What we asked the Governor

Michelle Bullock - RBA press conference 7th may 2024
Reserve Bank of Australia Governor Michele Bullock taking questions. (Source: Ally Selby/Livewire)

This was the question that our own Ally Selby asked the Governor:

There’s been a change in tune between your statements in March and May. Back then, inflation was moderating in line with forecasts and there were encouraging signs that inflation was moderating. Now, inflation is declining slower than expected. Given these omissions, would you agree the board is significantly more concerned about inflation than it was six weeks ago - and if that’s the case, why not hike today?

This was the Governor's response:

"Let's just take a step back a little bit and think back to November last year when we raised interest rates. At the time, we felt the risks had shifted a little bit to the upside and we were taking out a little bit of insurance.

It's true that the data towards the end of last year and early this year led everyone to sort of think, oh it's ok.

I think we've always felt that it was a bit too soon to declare victory and I think the numbers in recent weeks have demonstrated that for us, we think policy is restrictive. We don't think we necessarily have to tighten again. But we can't rule it out. If we have to, we will. We really think that inflation is going to be persistent and significantly above our forecast, we will tighten again.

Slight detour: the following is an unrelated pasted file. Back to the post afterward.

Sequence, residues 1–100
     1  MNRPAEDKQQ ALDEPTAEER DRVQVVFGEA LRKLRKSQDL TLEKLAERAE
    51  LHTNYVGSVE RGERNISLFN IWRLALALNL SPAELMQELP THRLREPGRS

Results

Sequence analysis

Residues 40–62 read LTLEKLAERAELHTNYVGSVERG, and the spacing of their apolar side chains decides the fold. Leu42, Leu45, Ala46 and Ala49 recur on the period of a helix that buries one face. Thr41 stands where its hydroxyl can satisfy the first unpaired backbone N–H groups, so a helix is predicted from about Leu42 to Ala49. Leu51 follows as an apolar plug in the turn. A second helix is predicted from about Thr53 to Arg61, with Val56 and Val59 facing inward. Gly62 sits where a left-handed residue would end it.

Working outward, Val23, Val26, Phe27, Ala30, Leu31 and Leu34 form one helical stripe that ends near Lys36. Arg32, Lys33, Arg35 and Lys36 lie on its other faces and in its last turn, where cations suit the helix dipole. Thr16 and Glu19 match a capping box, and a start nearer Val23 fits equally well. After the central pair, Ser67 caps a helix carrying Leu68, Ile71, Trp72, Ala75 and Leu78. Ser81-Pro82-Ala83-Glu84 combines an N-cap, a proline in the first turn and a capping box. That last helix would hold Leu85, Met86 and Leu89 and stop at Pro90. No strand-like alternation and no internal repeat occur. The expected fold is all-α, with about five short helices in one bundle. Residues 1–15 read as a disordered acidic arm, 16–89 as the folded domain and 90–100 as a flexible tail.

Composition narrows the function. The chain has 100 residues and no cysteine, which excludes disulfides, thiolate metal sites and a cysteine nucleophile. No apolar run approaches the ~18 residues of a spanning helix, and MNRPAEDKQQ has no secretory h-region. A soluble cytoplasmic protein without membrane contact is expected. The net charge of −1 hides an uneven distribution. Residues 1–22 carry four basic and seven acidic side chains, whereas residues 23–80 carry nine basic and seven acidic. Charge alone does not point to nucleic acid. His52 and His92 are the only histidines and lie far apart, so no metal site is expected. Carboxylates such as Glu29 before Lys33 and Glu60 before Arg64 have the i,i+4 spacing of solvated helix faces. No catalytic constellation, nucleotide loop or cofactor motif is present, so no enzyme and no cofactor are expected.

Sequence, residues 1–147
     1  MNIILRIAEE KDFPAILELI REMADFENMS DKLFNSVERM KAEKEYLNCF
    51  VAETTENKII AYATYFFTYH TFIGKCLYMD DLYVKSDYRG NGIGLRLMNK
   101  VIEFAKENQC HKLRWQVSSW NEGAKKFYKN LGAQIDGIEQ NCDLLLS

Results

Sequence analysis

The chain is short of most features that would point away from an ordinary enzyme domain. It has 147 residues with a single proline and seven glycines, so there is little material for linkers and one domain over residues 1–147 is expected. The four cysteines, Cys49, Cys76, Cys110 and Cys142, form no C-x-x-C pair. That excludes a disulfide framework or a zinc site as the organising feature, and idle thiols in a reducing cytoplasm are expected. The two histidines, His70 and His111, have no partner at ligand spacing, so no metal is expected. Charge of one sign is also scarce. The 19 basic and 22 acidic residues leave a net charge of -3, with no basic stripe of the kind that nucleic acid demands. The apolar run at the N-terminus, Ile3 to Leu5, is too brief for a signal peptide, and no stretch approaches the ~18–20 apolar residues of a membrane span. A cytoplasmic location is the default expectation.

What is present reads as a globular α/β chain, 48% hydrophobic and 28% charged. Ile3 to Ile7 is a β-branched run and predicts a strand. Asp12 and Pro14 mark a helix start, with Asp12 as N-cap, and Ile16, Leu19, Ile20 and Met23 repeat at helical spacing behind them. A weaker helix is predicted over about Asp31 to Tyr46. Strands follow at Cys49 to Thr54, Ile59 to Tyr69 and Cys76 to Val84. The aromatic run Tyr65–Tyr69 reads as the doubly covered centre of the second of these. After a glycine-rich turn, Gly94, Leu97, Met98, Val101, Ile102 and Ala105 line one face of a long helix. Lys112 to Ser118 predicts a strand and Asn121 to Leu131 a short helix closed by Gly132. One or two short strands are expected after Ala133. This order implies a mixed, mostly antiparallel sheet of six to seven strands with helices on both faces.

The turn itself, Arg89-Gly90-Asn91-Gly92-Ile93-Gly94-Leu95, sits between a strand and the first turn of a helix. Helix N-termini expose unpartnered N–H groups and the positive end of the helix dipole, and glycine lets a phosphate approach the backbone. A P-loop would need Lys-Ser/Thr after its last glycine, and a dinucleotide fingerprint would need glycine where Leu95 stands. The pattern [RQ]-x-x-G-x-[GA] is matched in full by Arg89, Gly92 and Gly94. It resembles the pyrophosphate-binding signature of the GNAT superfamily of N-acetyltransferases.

But the board made the judgment at the meeting that the right stance at the moment is to stay where we are continuing to observe what's going on in the economy. We are data-driven. And as I said, we might have to raise, we might not."

And yes, they did discuss the option to raise interest rates.

3 last takeaways: the Statement on Monetary Policy

RBA-s Statement on Monetary Policy May 2024

The new framework for the RBA means the Statement on Monetary Policy, which contains the Bank's economists' projections for the Australian economy. Some major things stick out:

  • GDP growth has been revised down, with that "household consumption" line looking very unhappy indeed.

  • The unemployment rate is likely to tick up, albeit not by much. Wages growth has likely peaked but trimmed mean inflation could remain stubborn and above target for as long as another year.

  • The cash rate forecast for the end of the year is a little higher than at present. But with the difference being just 5 basis points (4.4% vs 4.35% currently), it suggests the RBA doesn't really know what the next move is. But if its own economists had to hazard a forecast, the next move would be higher.

Carl Capolingua also contributed to this wire.

Written By

Hans Lee

Senior Editor

Hans is one of the Senior Editors at Livewire Markets and Market Index. He created Signal or Noise and leads the team's coverage of the global economy and fixed income markets.